Recently, thousands of women in Quebec publicly denounced the sexual assaults they’ve suffered, for example as part of the "Aggressions not denounced", "We believe you" or "Without Yes It’s No" campaigns. Thanks to these, it is no longer acceptable to ignore that today 83% of victims are girls and women while 97% of alleged perpetrators are men, nor to question that only 10% of assaults are the subject of a complaint to the police. It should now be obvious that, far from being a series of isolated acts, sexual violence should rather be understood as a social phenomenon, produced, tolerated, and encouraged by rape culture. Public, police, legal, medical or even academic institutions participate directly, whether through inadequate responses, guilting victims, or protecting aggressors.
Feminist mobilizations have certainly made it possible to highlight the extent of rape culture, but the fact that sexual violence does not affect all women, in the same way, is still too often ignored by the general public. The rape culture is indeed interwoven with colonialism, ableism, racism, capitalism, lesbophobia, and even transphobia. Sexual assault primarily constitutes a seizure of power over women's bodies, and women who find themselves in the middle of several unequal social relations are thus more at risk of being assaulted. It is time to put an end to the invisibilization of violence experienced by lesbians, trans women, elderly women, women of color, indigenous women, women prostitutes/sex workers, or women with disabilities.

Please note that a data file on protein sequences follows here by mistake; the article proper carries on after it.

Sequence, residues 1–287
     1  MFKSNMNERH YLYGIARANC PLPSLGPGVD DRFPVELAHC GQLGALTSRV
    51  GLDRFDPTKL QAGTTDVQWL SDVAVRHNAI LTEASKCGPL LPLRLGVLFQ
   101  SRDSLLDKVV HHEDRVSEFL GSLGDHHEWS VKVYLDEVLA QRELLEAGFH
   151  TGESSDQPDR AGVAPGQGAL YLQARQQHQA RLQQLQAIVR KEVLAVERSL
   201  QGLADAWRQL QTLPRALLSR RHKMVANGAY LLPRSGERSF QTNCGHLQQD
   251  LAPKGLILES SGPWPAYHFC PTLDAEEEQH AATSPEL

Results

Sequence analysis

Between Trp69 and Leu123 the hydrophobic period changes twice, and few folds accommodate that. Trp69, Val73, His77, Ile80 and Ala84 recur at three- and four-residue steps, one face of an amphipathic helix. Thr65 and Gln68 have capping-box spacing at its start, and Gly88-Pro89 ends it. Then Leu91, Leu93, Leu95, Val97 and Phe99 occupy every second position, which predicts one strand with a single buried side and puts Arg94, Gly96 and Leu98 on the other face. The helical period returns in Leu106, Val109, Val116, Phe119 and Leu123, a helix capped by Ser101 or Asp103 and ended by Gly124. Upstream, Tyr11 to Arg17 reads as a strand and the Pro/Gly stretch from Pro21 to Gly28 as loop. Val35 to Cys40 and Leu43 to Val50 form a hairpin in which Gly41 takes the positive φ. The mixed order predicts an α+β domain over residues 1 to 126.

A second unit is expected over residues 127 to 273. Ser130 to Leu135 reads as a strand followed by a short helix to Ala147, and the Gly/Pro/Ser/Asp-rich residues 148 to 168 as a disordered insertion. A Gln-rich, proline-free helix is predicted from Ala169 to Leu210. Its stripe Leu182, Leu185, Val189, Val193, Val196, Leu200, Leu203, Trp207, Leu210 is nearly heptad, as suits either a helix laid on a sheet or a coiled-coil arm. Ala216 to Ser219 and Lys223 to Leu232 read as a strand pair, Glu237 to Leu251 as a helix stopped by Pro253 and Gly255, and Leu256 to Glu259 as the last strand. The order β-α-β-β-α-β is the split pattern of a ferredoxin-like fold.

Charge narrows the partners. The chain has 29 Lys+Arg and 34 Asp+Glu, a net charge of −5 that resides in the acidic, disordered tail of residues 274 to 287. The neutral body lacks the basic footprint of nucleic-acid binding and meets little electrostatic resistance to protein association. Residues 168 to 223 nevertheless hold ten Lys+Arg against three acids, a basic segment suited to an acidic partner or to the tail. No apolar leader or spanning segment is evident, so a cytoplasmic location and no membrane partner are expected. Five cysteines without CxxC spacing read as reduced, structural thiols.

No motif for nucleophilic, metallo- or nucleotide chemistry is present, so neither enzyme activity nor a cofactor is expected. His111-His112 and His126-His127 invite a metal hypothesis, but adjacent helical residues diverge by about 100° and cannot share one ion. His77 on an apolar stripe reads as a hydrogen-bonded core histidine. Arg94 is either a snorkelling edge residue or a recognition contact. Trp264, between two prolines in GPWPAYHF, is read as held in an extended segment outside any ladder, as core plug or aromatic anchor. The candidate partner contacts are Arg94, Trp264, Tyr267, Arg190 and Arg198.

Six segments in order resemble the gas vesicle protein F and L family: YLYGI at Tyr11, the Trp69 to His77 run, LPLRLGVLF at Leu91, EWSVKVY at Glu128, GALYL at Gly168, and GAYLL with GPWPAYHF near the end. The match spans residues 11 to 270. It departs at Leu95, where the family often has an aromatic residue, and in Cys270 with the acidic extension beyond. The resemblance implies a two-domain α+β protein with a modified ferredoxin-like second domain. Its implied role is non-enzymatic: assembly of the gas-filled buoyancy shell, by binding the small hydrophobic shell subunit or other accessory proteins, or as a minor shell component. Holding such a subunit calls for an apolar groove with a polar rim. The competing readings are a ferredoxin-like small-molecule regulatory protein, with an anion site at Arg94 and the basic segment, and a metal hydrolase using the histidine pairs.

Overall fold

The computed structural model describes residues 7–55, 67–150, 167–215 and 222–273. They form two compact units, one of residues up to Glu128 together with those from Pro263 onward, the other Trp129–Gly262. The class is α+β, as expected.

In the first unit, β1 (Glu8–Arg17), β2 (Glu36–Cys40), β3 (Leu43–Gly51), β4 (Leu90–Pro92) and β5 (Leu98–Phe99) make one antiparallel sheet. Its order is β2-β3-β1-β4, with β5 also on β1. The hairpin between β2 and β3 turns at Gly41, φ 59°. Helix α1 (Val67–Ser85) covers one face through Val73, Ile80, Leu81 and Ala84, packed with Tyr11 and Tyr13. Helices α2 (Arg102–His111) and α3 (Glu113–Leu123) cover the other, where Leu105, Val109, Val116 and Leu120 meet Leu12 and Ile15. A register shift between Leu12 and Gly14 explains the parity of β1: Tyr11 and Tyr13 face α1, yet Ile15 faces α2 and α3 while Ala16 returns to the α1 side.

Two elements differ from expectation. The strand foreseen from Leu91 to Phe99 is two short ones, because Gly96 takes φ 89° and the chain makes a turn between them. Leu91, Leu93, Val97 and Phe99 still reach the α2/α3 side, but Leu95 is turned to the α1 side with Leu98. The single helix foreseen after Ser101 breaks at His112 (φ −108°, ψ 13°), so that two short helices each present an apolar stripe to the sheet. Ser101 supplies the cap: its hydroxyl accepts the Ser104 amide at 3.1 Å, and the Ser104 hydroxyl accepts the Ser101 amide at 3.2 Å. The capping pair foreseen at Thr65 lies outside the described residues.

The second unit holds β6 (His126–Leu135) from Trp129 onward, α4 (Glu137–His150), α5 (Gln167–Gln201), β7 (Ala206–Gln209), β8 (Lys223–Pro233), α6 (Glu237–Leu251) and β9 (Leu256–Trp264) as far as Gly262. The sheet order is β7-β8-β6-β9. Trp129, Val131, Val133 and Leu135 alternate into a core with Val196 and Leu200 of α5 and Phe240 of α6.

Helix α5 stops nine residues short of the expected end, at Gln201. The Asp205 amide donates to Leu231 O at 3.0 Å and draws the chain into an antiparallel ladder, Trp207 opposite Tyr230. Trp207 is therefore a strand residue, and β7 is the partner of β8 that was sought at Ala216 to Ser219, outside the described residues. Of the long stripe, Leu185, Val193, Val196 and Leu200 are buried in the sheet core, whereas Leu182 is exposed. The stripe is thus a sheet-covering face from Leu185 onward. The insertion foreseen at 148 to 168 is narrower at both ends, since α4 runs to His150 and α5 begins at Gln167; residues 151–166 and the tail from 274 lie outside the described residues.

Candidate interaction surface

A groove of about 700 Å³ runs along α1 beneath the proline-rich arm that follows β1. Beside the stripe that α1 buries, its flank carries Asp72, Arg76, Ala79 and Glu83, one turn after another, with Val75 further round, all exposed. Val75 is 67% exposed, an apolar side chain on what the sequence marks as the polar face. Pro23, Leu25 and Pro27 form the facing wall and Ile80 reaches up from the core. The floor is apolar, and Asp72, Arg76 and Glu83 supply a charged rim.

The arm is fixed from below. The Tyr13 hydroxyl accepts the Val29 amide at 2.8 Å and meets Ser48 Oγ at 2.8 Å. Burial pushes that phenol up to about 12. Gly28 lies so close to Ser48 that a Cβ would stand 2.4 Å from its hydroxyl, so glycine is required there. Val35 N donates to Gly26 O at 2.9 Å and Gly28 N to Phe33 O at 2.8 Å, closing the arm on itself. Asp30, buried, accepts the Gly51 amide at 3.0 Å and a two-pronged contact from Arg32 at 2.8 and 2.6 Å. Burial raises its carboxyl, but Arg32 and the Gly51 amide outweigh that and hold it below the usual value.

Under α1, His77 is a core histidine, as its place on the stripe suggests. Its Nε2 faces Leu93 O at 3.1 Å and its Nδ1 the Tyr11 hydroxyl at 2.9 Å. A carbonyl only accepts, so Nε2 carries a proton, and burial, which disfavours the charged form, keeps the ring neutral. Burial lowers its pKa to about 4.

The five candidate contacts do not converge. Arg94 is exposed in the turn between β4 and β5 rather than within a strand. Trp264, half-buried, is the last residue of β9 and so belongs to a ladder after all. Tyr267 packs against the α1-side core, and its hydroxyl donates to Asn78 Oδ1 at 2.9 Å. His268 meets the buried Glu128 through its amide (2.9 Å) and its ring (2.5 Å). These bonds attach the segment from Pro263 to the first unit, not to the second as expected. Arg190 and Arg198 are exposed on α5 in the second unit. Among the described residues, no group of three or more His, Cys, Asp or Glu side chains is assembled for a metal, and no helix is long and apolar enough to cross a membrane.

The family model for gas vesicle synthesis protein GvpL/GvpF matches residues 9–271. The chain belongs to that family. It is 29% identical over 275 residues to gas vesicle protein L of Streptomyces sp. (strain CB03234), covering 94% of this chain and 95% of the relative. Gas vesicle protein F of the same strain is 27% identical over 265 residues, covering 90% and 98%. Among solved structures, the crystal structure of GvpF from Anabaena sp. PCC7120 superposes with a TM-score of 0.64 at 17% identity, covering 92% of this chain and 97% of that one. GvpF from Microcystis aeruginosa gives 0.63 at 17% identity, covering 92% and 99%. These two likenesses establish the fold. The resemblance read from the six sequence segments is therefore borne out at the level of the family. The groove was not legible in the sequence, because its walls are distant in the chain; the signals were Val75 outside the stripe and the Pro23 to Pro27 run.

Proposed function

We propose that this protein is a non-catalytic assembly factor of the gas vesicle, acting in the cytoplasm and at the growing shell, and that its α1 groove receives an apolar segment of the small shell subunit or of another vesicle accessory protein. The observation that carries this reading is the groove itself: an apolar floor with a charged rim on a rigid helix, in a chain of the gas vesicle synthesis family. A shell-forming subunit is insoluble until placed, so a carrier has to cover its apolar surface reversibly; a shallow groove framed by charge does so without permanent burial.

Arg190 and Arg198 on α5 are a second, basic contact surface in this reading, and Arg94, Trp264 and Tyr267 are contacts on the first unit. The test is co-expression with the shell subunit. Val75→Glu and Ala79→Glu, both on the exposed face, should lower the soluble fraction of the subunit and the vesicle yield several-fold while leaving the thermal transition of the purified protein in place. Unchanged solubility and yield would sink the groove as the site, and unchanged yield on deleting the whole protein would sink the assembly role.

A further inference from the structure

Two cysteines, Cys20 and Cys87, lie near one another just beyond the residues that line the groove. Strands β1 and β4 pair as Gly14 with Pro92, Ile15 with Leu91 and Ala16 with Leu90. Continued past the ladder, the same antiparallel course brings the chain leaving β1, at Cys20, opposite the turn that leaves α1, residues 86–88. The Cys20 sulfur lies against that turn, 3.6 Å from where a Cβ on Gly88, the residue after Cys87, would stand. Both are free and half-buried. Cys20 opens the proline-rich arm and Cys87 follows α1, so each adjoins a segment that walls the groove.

For example, 40% of women and girls living with a physical disability, intellectual disability, or mental health disorder and deaf women will experience at least one sexual assault in their lifetime. These girls and women are four times more likely to be attacked than women without disabilities. This violence takes different forms, ranging from verbal harassment to physical assault, from sterilization to forced abortion, from denial of sexuality to sexual abuse. The situations of dependency, created by the ableist civil organization, reinforce this vulnerability: almost a third of attacks are committed by the people who are supposed to assist these women. The respect of consent should be a right given to each of us.
Sexual violence is a social phenomenon, so it is not an unchanging situation! During the 12 days of action, feminists are mobilizing across Quebec to fight against violence and we invite you to review the calendar of actions and to participate extensively.